NEED TO KNOW
What is it? First-person horror set in a ruined facility.
Developer Frictional Games
Publisher Frictional Games
Reviewed on GeForce GTX 970, Intel i5-3570K @ 3.40GHz, 16GB RAM
Expect to pay £22.99 / $29.99
Link Official site
SOMA is, essentially, a deadly game of hide and seek with a parade of increasingly bizarre mechanised monsters. You have to make it from one end of underwater facility PATHOS-II to the other without being spotted. Along the way you learn about the base, the sinister experiments going on there, and what happened to its mysteriously absent employees. It’s a pretty basic horror game at its core, but elevated by a compelling sci-fi story and a hauntingly evocative setting.
The game is viewed from the first-person, and you interact with the world in a brilliantly physical way. Click on a door to grab it, then push with the mouse to shove it open. Click to take hold of a switch, then pull back to yank it down. Anyone who played Amnesia will be familiar with this. Everything you touch, push, pull, and pick up feels heavy, tangible. There are no weapons, gadgets, or tools to help you, and you can’t fight back. All you can do is run and hide. It’s a resolutely minimalist game, but with lavish production values that make it feel much richer than it really is.
I can’t say who you are, or why PATHOS-II is in such a mess, because both represent the backbone of the plot. It’s a game of slow revelation. You, like the protagonist, are completely clueless at the beginning. You don’t know why you’re there, why it’s crawling with murderous machines, or where everyone is. But the truth is drip-fed over time, until the reality of your situation hits you like a brick. It’s a wonderfully told, and written, story. It compels you to keep pushing on through the darkness, with shock moments that make you rethink everything preceding them.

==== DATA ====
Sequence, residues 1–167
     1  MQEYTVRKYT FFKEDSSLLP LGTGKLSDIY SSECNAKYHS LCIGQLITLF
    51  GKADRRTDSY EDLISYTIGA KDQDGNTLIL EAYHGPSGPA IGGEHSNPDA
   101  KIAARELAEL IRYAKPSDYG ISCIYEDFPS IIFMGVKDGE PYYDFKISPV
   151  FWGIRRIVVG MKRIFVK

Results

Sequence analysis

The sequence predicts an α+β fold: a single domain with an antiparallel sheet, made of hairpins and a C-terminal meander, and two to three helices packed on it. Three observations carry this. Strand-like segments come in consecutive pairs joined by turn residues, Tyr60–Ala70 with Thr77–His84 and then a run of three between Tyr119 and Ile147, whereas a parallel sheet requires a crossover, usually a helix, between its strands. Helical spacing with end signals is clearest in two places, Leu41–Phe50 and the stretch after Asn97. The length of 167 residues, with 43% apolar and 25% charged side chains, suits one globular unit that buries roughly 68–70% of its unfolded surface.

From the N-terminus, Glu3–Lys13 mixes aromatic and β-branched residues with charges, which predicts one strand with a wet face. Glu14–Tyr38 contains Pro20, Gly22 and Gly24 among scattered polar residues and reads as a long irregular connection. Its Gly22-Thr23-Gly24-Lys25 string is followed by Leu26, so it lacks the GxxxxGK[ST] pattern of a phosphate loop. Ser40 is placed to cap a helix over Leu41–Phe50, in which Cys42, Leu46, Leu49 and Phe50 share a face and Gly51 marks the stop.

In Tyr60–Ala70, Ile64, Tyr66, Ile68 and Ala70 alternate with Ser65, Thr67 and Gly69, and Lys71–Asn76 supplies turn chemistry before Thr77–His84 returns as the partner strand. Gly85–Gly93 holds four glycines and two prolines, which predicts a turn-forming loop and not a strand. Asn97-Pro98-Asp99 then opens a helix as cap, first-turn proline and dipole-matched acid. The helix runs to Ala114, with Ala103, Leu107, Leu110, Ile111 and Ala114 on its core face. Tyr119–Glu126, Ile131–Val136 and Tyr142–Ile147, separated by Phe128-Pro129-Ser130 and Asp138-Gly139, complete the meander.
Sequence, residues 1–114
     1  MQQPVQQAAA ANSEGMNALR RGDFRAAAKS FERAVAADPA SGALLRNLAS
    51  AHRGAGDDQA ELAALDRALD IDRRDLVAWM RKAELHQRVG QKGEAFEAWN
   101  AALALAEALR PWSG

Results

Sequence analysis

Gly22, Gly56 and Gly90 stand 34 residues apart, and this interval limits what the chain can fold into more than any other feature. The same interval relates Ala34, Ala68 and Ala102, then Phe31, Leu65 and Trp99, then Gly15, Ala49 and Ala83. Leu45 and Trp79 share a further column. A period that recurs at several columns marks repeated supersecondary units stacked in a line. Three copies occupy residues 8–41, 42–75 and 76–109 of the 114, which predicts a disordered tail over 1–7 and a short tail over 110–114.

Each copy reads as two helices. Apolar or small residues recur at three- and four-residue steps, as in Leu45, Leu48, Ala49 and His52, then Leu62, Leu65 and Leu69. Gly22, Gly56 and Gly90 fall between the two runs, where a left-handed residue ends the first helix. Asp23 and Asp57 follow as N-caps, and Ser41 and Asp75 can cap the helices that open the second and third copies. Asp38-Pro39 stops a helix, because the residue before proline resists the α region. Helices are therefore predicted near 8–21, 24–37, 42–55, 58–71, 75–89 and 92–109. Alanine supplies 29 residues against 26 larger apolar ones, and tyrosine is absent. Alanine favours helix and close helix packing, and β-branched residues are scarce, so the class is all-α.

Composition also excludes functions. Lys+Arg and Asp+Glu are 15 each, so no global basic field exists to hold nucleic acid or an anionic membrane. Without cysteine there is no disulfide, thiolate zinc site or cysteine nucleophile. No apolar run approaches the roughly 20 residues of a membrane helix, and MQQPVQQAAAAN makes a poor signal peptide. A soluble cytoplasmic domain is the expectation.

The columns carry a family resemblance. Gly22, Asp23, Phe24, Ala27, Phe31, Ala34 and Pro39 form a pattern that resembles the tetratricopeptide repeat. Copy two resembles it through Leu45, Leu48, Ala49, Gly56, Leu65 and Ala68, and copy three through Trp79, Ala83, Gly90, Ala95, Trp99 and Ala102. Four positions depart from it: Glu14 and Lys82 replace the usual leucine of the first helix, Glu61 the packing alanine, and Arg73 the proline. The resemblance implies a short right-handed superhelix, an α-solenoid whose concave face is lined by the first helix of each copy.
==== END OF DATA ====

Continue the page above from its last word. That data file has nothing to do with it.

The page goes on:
Amateurish voice acting is the only sore point. The main character, Simon, never sounds particularly bothered by anything happening to him, including a mid-game twist that would send anyone into shock. Honestly, I don’t like or care about him that much, which diminishes the fear factor. The supporting cast are a mixed bag, but are largely just as unconvincing. However, it’s testament to the quality of the world-building and writing that, although sometimes distracting, the am-dram acting is never enough to make you stop believing in what’s happening.
For me, the highlight of the game is PATHOS-II itself. The best storytelling is found in the environments, not the characters. Located at the bottom of the ocean, it’s Rapture meets the Nostromo. Its claustrophobic, labyrinthine metal corridors are straight out of the 1970s handbook of hard sci-fi set design, and it’s absolutely drenched in atmosphere. Flickering lights, burst pipes, leaky bulkheads, and a strange, black, alien goo seeping through cracks in the ceilings is a constant reminder that this place is seriously broken. The story takes you on a tour of different parts of the base, and they all have distinct personalities and stories to tell.
The lighting is fantastic, making you forever wary of what horrors lurk in shadowy corners. You see peculiar, almost organic machinery dotted with glowing lights, like something out of an HR Giger drawing, that seems to be eating the world around you. Visually, it’s a masterpiece, and every room tells a story: about the people who lived there, about what went wrong, about the outside world, or about yourself. Your character has the ability to touch certain things, including corpses and robots, and hear fragmented memories that tell tales about the base and its inhabitants before its collapse. It’s a setting flooded with hand-crafted detail.